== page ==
Easily the most enjoyable book I've ever read, with Watership Down
putting in a strong second-place finish. Certainly the best ever in telling, and spinning anew, the centuries old Arthurian legend. Gone are the old stories relayed in stark and monotonous detail, replaced by characters bursting with vitality.
The story benefits greatly from White's knowledge of medieval culture, Thomas Malory's Le Morte d'Arthur
), whose influence is credited directly in The Book of Merlyn
, occasionally affected and quirky dialogue, infrequent intrusions of contemporary fact (the 1950s, both from White and Merlin's perspective), and fascinating observations on human nature. But what makes the book truly sing are the titanic, troubled, and heroic characters, all striving in vain in favor of an ideal that ultimately cannot be supported due to a myriad of tiny failings inherent in the human condition.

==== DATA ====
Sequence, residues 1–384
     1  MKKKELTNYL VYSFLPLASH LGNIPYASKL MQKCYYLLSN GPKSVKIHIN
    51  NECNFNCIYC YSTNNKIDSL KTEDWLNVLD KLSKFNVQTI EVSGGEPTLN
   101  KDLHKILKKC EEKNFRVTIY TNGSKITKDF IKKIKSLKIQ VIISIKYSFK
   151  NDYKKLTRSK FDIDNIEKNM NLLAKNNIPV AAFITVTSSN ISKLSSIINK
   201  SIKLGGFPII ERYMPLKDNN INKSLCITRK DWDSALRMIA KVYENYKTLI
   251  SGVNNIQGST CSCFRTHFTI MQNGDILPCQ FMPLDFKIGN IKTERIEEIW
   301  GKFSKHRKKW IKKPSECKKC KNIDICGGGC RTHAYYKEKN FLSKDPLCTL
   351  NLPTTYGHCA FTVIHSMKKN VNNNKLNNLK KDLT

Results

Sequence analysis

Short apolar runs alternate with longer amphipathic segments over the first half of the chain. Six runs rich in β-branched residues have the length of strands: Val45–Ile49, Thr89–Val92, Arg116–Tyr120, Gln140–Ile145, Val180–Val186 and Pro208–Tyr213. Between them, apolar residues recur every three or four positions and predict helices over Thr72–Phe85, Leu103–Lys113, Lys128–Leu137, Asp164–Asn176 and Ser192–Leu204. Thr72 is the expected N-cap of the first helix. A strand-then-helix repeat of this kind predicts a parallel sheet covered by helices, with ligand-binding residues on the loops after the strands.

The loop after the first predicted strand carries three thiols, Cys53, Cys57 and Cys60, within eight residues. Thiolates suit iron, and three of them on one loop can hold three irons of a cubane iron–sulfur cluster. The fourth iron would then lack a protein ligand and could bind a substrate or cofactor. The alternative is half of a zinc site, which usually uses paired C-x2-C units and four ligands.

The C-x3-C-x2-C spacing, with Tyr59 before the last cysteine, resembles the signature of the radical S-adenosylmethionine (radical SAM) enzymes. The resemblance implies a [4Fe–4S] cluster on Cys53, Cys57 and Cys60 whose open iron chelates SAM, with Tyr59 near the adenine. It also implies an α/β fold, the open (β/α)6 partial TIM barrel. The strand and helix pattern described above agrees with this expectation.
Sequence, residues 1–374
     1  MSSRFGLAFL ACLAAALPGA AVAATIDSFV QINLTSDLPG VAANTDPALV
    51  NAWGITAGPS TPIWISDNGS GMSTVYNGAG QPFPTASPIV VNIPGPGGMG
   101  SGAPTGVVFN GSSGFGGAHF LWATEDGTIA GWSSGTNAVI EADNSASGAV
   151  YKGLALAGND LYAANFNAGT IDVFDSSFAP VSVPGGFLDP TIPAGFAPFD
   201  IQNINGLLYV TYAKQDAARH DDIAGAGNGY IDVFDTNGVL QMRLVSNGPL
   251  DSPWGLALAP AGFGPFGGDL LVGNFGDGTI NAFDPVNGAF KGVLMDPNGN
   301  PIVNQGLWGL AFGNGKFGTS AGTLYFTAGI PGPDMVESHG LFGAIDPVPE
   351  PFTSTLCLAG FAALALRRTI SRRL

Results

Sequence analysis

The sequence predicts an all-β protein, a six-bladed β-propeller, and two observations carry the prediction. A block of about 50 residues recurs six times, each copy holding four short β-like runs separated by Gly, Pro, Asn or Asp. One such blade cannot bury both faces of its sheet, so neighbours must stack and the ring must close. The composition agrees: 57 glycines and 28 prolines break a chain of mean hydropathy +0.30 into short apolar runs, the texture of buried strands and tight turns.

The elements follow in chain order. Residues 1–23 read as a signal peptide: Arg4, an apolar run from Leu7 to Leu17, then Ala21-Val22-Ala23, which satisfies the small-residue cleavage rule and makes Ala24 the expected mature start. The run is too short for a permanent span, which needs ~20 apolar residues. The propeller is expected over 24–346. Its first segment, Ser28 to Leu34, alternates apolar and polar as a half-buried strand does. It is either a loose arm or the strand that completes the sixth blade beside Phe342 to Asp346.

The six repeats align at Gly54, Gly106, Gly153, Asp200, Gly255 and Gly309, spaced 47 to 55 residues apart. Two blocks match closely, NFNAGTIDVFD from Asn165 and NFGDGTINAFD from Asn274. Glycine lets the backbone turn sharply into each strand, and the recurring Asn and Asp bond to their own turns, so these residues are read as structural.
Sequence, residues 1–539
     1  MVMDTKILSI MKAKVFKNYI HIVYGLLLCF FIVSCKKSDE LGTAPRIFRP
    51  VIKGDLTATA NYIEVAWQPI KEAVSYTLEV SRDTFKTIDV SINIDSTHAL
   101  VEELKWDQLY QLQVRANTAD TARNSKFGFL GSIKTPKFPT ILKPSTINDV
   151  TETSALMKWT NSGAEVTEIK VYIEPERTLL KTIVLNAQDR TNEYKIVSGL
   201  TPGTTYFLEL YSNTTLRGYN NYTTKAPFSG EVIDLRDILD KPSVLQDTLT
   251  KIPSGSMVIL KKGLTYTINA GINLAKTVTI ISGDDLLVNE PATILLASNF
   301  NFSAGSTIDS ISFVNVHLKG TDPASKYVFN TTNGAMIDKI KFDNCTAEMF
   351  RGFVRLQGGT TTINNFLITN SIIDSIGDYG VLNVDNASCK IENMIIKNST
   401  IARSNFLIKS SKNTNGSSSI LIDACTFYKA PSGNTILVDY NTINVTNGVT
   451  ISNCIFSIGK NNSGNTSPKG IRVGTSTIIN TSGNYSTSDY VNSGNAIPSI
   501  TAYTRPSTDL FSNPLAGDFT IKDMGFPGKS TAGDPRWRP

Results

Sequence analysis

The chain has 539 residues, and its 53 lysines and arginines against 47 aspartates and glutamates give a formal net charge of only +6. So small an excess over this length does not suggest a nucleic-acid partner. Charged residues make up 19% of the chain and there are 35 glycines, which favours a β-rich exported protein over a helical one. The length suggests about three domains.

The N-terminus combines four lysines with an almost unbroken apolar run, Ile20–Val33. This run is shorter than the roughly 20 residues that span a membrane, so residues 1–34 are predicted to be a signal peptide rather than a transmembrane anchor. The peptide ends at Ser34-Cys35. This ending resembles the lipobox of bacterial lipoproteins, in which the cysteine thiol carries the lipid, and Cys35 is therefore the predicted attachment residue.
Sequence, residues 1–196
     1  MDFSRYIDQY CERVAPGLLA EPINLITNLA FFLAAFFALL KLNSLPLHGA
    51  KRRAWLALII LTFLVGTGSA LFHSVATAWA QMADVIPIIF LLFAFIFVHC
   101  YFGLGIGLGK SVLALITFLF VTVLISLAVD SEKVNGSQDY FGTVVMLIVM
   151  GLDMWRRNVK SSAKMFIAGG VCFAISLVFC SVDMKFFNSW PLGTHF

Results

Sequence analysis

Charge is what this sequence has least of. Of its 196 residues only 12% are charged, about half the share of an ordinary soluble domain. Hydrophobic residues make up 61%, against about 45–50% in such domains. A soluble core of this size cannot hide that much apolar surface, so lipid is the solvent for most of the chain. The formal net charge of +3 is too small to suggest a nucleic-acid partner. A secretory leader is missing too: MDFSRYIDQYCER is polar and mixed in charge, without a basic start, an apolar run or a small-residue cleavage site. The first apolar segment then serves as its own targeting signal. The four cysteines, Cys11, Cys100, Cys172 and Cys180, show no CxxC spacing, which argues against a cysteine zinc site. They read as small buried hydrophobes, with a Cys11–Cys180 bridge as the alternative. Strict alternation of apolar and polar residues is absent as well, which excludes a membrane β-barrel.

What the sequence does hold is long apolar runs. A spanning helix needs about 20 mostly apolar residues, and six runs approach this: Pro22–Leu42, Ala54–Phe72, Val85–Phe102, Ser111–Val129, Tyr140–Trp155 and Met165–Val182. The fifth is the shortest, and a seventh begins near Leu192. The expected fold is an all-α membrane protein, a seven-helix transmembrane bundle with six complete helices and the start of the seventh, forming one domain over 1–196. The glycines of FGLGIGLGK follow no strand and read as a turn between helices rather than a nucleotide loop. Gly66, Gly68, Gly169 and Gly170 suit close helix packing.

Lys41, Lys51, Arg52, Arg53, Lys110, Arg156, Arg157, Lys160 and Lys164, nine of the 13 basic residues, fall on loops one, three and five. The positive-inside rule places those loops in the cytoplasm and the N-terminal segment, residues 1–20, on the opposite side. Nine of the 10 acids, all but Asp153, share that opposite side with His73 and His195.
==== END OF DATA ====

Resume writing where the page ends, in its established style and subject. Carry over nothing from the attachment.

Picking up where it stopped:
The story teems with elements that readers of all ages can appreciate: a bit of history, a bit of love, a bit of learning, a bit of humor, a bit of bitterness, hope, miracles, and an ending that leaves you with an understanding that the ending only takes us back to the beginning, and that perhaps Arthur will have a second and better chance.
The effort required not to enjoy a book of this caliber is certainly as rare and extraordinary as the book itself.